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Seawall: Performance Isolation for Cloud Datacenter Networks

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Seawall: Performance Isolation for Cloud Datacenter Networks Alan Shieh Cornell University Srikanth Kandula Albert Greenberg Changhoon Kim Microsoft Research Cloud datacenters: Benefits and obstacles Moving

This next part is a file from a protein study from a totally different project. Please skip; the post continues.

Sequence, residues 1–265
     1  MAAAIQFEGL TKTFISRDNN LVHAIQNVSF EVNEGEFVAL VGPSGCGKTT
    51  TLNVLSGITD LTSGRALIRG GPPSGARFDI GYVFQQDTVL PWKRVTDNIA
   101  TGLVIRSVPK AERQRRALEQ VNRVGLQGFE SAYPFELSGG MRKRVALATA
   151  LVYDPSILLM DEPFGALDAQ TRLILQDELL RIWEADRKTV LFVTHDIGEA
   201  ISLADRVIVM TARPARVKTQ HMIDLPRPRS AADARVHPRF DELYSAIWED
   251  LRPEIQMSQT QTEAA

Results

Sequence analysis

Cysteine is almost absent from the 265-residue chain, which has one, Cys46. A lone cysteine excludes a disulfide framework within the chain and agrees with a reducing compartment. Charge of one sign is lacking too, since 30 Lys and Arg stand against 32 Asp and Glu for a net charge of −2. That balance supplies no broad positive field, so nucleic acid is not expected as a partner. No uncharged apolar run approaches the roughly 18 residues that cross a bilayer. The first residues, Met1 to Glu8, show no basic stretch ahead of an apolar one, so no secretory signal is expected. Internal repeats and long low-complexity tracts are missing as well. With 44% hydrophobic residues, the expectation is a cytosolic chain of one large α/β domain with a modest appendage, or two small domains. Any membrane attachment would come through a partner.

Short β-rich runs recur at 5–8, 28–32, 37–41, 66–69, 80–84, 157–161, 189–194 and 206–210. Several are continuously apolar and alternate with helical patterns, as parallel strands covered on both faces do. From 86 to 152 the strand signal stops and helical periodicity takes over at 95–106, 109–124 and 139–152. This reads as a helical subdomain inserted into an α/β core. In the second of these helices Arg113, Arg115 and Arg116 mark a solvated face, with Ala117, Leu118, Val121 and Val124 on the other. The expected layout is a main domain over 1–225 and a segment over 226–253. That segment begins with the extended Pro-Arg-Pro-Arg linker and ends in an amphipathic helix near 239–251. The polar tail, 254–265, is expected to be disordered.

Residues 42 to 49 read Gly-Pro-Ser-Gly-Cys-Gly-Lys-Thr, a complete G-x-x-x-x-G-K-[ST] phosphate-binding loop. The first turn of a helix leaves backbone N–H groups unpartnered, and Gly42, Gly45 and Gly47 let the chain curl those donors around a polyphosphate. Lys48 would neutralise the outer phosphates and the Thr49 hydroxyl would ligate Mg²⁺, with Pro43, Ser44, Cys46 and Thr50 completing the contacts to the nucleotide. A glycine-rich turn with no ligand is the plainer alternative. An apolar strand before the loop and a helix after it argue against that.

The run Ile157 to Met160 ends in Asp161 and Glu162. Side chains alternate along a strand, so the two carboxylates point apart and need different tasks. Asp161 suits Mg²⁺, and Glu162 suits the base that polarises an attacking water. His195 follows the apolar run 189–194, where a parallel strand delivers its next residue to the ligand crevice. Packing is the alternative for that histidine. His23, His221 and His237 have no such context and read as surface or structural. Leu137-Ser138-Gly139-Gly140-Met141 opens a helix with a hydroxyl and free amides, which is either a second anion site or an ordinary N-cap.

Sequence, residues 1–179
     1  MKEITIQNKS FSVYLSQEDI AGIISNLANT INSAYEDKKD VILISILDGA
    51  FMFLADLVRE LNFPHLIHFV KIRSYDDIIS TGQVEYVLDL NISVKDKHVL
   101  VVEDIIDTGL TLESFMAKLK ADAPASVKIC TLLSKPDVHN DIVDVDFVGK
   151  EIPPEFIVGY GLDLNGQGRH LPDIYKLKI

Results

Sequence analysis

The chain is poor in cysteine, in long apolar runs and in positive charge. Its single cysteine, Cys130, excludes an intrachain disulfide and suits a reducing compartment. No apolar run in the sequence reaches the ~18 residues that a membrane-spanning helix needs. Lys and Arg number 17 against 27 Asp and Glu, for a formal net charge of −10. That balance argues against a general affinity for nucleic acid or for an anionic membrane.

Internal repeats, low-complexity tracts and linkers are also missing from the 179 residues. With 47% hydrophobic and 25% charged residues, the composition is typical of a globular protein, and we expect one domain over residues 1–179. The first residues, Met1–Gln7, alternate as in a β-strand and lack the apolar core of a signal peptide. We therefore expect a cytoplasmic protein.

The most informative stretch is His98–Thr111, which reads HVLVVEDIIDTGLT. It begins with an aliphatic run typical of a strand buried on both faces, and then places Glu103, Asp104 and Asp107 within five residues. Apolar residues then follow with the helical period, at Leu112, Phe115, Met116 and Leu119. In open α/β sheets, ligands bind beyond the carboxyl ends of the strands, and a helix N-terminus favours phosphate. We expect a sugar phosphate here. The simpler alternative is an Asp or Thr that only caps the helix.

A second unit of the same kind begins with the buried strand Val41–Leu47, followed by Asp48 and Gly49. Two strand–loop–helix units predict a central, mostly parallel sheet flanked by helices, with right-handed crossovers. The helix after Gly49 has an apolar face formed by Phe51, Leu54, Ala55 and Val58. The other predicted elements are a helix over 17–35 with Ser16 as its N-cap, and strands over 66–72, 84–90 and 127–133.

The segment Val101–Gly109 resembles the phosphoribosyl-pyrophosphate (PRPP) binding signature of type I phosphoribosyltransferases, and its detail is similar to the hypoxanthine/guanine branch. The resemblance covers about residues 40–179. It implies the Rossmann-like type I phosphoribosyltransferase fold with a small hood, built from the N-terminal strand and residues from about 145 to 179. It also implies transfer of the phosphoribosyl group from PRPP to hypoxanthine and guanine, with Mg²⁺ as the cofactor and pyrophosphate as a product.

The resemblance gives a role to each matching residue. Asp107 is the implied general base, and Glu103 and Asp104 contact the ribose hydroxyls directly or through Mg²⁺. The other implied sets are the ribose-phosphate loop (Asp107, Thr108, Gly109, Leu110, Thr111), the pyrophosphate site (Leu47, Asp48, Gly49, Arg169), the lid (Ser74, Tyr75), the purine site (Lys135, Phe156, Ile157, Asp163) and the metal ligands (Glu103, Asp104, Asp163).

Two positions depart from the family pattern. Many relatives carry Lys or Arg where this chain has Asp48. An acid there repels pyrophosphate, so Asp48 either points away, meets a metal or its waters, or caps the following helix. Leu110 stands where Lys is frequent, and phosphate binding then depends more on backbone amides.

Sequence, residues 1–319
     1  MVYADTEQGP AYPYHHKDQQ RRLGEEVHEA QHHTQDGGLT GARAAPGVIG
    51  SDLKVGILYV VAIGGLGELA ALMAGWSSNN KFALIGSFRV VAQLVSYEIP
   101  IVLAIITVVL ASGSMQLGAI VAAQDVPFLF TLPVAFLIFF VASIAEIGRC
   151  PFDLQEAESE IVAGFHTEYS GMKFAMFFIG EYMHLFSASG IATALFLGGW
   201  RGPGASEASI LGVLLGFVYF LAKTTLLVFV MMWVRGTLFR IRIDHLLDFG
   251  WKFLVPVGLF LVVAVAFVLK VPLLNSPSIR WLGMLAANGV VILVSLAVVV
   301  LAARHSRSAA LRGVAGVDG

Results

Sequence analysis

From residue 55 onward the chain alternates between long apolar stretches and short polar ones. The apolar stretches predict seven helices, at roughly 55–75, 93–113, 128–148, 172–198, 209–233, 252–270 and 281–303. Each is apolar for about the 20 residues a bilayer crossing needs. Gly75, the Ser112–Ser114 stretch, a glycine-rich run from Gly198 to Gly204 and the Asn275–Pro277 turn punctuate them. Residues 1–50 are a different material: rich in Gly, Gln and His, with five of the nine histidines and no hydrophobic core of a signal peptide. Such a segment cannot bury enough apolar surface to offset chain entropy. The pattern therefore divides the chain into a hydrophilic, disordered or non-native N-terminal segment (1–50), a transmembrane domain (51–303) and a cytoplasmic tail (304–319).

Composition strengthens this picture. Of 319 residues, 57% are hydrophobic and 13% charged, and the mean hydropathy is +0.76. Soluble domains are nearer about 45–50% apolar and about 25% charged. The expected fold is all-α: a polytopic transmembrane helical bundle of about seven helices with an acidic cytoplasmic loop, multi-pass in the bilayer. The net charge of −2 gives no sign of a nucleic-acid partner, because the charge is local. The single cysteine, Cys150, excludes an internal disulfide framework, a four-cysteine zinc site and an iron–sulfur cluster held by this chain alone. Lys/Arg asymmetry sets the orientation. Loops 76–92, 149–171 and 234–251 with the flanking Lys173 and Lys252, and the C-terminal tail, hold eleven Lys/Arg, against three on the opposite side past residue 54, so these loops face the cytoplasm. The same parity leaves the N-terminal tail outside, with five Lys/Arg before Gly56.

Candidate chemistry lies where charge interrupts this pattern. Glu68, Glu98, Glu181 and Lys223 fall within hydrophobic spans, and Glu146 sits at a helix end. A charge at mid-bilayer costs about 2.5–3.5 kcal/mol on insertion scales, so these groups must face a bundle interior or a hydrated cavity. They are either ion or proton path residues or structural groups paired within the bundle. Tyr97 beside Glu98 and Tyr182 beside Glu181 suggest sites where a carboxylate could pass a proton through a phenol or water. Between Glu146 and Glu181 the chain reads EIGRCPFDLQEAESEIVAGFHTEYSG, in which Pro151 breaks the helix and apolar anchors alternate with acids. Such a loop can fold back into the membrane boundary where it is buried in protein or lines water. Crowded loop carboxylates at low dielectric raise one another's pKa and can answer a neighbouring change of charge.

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Seawall: Performance Isolation for Cloud Datacenter Networks Alan Shieh Cornell University Srikanth Kandula Albert Greenberg Changhoon Kim Microsoft Research Cloud datacenters: Benefits and obstacles Moving to the cloud has manageability, costs & elasticity benefits Selfish tenants can monopolize resources Compromised & malicious tenants can degrade system performance Problems already occur Runaway client overloads storage Spammers on AWS Bitbucket DoS attack Goals Isolate tenants to avoid collateral damage Control each tenant s share of network Utilize all network capacity Constraints Cannot trust tenant code Minimize network reconfiguration during VM churn Minimize end host and network cost Existing mechanisms are insufficient for cloud Existing mechanisms are insufficient In-network queuing and rate limiting Not scalable. Can underutilize links. Existing mechanisms are insufficient In-network queuing and rate limiting Not scalable. Can underutilize links. Network-to-source congestion control (Ethernet QCN) Throttle send rate Requires new hardware. Inflexible policy. Detect congestion Existing mechanisms are insufficient In-network queuing and rate limiting Not scalable. Can underutilize links. Network-to-source congestion control (Ethernet QCN) Throttle send rate Requires new hardware. Inflexible policy. Detect congestion End-to-end congestion control (TCP) Poor control over allocation. s can change TCP stack. Seawall = Congestion controlled, hypervisor-to-hypervisor tunnels Benefits Scales to # of tenants, flows, and churn Don t need to trust tenant Works on commodity hardware Utilizes network links efficiently Achieves good performance (1 Gb/s line rate & low CPU overhead) Components of Seawall SW-port SW-rate controller SW-port Root Hypervisor kernel Seawall rate controller allocates network resources for each output flow Goal: achieve utilization and division Seawall ports enforce decisions of rate controller Lie on forwarding path One per VM source/destination pair Seawall port Rate limit transmit traffic Rewrite and monitor traffic to support congestion control Exchanges congestion feedback and rate info with controller SW-rate controller New rate Congestion info SW-port Tx Rate limiter Congestion detector Rewrite packets Inspect packets Rate controller: Operation and control loop Rate controller adjusts rate limit based on presence and absence of loss Source Reduce rate SW-rate controller SW-port Congestion feedback Algorithm divides network proportional to weights & is max/min fair Efficiency: AIMD with faster increase 1234 Dest Traffic-agnostic allocation: Per-link share is same regardless of # of flows & destinations X Got 1,2,4 SW-rate controller Congestion info SW-port 1,2,4 VM 1 VM 2 VM 3 (weight = 2) VM 2 flow 2 VM 2 flow 3 VM 3: ~50% VM 2 flow 1 VM 2: ~25% VM 1: ~25% Improving SW-port performance How to add congestion control header to packets? Naïve approach: Use encapsulation, but poses problems More code in SW-Port Breaks hardware optimizations that depend on header format Packet ACLs: Filter on TCP 5-tuple Segmentation offload: Parse TCP header to split packets Load balancing: Hash on TCP 5-tuple to spray packets (e.g. RSS) Encapsulation Bit stealing solution: Use spare bits from existing headers Constraints on header modifications Network can route & process packet Receiver can reconstruct for guest Other protocols: might need paravirtualization. IP # packets Seq # IP-ID Unused TCP Timestamp option 0x08 0x0a TSval TSecr Seq # Constant Bit stealing solution: Performance improvement Encapsulation Bit stealing Throughput: 280 Mb/s = 843 Mb/s Supporting future networks Hypervisor vswitch scales to 1 Gbps, but may be bottleneck for 10 Gbps Multiple approaches to scale to 10 Gbps Hypervisor & multi-core optimizations Bypass hypervisor with direct I/O (e.g. SR-IOV) Virtualization-aware physical switch (e.g. NIV, VEPA) While efficient, currently direct I/O loses policy control Future SR-IOV NICs support classifiers, filters, rate limiters SW-rate controller I/O via SW-port Tx Rate limiter Congestion detector Rewrite packets Inspect packets SW-port Direct I/O DRR Congestion detector Tx counter Rx counter Summary Without performance isolation, no protection in cloud against selfish, compromised & malicious tenants Hypervisor rate limiters + end-to-end rate controller provide isolation, control, and efficiency Prototype achieves performance and security on commodity hardware Preserving performance isolation after hypervisor compromise Compromised hypervisor at source can flood network Solution: Use network filtering to isolate sources that violate congestion control Destinations act as detector BAD X is bad Isolate SW enforcer Preserving performance isolation after hypervisor compromise Pitfall: If destination is compromised, danger of DoS from false accusations Refinement: Apply least privilege (i.e. fine-grained filtering) BAD X Drop is bad Isolate SW enforcer
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